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Butte Fire Leaves Landscape Ripe For Flooding

The Butte Fire left behind barren ground that no longer absorbs water. "It’s just soil waiting to flow off," says property owner Mike Kirkly. Andrew Nixon / Capital Public Radio

 

With El Niño rain in the winter forecast for California, state and federal officials worry about potential flooding over burn scars from recent wildfires.

Preparing for landslides is especially difficult on the region charred by the Butte Fire. In September, flames torched more than 70,000 acres of steep terrain about an hour east of Stockton.

Mike Kirkly lost about 71 acres in Calaveras County.

He carefully dodges potholes in his large silver pickup on a bumpy road leading to his property. He pauses at a blackened makeshift fence. 

“You know I had a beautiful wooded piece of property. I was managing it for timber production. My son and I planted seedlings. Now you look at it, and it looks almost like a moonscape,” sighs Kirkly.

He drives along the rim of a steep canyon filled with ashes and rocks. Kirkly says the drainage usually morphs into a lush stream in the spring.

“And, [now] it’s just soil waiting to flow off,” shrugs Kirkly.

He’s assessed many burn scars because he’s retired from Cal Fire. He never thought he’d be assessing damage and losses on his own property.

He points to a stand of tree trunks – pines and other conifers.

“They’re just black skeletons right now. And, then the ground does not have any vegetative matter at all. All the shrubs, all the grasses, all the leaf litter, all the needle litter is just completely gone,” says Kirkly.

Kirkly says the barren ground will provide a slip and slide for sediment, debris and soil.

"A raindrop will hit it and it won't penetrate in, it just sheets off like there's plastic on the ground,” stresses Kirkly.

Erosion is expected to plug up culverts, and silt could fill dams downstream. The area is drained by multiple watercourses including the Calaveras and Mokelumne Rivers – which drain into reservoirs that provide the drinking water for people in the East Bay and Stockton.

But, it's not just drinking water that's in danger.

“If we do get this El Niño year like everyone is predicting, the roads could get damaged. You have culverts in the road they could plug up and then wash your road out,” says Kirkly.

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Mike Kirkly drives through his 71-acre property destroyed by the Butte Fire.   Andrew Nixon / Capital Public Radio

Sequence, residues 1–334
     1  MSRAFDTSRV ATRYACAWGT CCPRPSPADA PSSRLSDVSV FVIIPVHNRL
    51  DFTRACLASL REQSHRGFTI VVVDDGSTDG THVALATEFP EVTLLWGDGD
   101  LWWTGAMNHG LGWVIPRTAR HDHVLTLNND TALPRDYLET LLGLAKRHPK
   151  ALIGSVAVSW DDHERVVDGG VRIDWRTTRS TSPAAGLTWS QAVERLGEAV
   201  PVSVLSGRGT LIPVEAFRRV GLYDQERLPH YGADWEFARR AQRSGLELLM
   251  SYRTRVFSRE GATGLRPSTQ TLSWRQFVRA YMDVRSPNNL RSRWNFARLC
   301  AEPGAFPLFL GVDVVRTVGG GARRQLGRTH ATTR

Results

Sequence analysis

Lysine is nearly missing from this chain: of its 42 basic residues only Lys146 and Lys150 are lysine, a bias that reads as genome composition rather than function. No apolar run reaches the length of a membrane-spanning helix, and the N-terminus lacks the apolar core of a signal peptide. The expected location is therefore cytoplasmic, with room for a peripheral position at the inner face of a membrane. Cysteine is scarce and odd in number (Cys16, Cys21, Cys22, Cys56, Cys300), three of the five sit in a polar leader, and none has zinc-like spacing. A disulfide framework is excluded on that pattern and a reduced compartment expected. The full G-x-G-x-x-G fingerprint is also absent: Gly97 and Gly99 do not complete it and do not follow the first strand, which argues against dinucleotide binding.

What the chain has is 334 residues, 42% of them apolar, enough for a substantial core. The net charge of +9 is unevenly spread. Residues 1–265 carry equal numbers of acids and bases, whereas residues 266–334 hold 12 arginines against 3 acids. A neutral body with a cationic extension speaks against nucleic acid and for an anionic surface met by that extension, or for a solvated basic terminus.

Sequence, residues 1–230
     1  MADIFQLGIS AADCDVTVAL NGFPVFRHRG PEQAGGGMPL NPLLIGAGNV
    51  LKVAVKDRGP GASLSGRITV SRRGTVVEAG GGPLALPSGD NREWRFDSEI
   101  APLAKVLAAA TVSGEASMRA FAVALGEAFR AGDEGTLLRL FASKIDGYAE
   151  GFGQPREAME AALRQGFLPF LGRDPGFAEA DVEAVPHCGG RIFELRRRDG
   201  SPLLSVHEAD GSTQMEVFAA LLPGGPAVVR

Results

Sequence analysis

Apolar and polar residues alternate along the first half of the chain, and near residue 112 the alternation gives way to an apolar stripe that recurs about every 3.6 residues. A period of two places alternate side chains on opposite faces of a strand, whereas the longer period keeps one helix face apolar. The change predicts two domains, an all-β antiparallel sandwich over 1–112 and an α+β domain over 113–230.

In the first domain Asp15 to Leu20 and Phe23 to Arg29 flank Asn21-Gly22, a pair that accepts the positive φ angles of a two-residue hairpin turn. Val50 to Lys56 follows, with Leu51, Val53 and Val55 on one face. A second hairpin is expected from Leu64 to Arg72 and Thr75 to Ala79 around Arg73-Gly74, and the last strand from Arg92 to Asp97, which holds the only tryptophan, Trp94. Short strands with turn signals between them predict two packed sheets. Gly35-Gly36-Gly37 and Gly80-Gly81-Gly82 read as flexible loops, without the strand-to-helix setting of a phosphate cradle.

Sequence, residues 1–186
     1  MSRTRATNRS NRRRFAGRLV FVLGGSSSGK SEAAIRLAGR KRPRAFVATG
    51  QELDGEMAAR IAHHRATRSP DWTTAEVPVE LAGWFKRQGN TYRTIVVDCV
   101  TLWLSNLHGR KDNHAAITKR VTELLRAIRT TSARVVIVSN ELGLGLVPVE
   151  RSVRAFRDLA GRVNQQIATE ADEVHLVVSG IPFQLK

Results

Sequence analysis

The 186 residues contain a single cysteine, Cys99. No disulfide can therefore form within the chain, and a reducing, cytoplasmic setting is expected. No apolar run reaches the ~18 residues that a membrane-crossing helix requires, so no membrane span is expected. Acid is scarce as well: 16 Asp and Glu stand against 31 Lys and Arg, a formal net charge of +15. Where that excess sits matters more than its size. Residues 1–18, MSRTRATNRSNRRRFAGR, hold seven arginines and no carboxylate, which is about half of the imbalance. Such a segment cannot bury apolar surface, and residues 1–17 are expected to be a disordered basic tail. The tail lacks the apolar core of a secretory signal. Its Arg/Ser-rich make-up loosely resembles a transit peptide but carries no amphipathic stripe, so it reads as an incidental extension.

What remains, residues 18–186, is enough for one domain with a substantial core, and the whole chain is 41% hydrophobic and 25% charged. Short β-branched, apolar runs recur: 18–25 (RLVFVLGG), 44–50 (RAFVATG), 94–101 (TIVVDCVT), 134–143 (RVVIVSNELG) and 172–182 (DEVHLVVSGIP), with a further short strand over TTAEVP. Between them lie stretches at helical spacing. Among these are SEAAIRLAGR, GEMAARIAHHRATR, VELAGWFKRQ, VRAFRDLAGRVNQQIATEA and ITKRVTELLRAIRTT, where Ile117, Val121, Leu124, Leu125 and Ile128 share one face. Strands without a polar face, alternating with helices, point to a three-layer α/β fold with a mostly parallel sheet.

The Calaveras County Sheriff’s Department has issued a public notice warning residents of potential mudslides and road closures in the wake of rainfall.

Katherine Evatt, president of the Foothill Conservancy – an environmental organization that protects the region's watersheds emphasizes, “Our little communities aren’t served by very many roads, so if you lose a road for any length of time it can be a real hardship for people.”

Evatt says the Butte Fire was unlike most large wildfires in that the vast majority of flames swept across private property rather than public lands – making clean-up and restoration trickier.

“Private landowners don’t necessarily have a stash of money ready to go and rehabilitate their properties. And there’s not a lot of funding available out there to help them with helping their restore their landscapes,” says Evatt.

These are the challenges Mike Kirkly is facing.

"If you see the rehabilitation that goes on -- on a let's say a U.S. Forest Service Fire -- they'll fly mulch in with helicopters. It's me, and my pick-up truck! It's very expensive. I got 71 acres here. I can't. You know?"

Kirkly estimates that his property has lost two-thirds of its value. 

"I mean I could spend tens of thousands of dollars to bring a contractor in but you know that's not reasonable... I'm not even going to get an economic return on my salvage logging," says Kirkly.

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Despite the Butte Fire's devastating effects, some trees are starting to return.   Andrew Nixon / Capital Public Radio

He walks along the creek where stump holes still burn. A few green shoots peek out of the soil.

"There's some ferns coming up right there!" exclaims Kirkly.

He says he'll likely hand over his land to Mother Nature and hope the rains come in light intervals rather than downpours this winter.

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